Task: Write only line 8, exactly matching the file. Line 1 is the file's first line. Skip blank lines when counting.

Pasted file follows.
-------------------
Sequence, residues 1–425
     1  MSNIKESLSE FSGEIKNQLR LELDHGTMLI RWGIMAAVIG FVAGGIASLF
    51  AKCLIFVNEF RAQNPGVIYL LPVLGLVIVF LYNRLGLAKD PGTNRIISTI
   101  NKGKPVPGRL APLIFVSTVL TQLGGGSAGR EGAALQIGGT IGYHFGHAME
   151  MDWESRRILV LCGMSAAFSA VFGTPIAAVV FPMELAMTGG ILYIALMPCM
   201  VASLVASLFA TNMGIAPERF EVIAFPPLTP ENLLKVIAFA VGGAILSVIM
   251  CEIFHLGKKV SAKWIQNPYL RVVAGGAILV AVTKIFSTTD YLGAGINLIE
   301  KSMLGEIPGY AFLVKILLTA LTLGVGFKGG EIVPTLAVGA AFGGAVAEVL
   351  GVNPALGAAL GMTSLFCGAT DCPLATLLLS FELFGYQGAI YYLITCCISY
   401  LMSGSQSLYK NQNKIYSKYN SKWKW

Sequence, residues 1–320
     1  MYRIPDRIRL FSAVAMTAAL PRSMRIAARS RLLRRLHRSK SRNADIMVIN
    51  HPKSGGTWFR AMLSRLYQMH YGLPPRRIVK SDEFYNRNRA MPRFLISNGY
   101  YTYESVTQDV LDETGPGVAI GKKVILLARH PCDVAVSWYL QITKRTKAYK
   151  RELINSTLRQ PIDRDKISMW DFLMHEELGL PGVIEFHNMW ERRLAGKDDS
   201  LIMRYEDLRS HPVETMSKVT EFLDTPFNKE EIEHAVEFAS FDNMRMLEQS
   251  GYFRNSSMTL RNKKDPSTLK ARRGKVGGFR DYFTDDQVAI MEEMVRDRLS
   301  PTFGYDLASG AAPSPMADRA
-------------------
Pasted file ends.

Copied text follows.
   301  KSMLGEIPGY AFLVKILLTA LTLGVGFKGG EIVPTLAVGA AFGGAVAEVL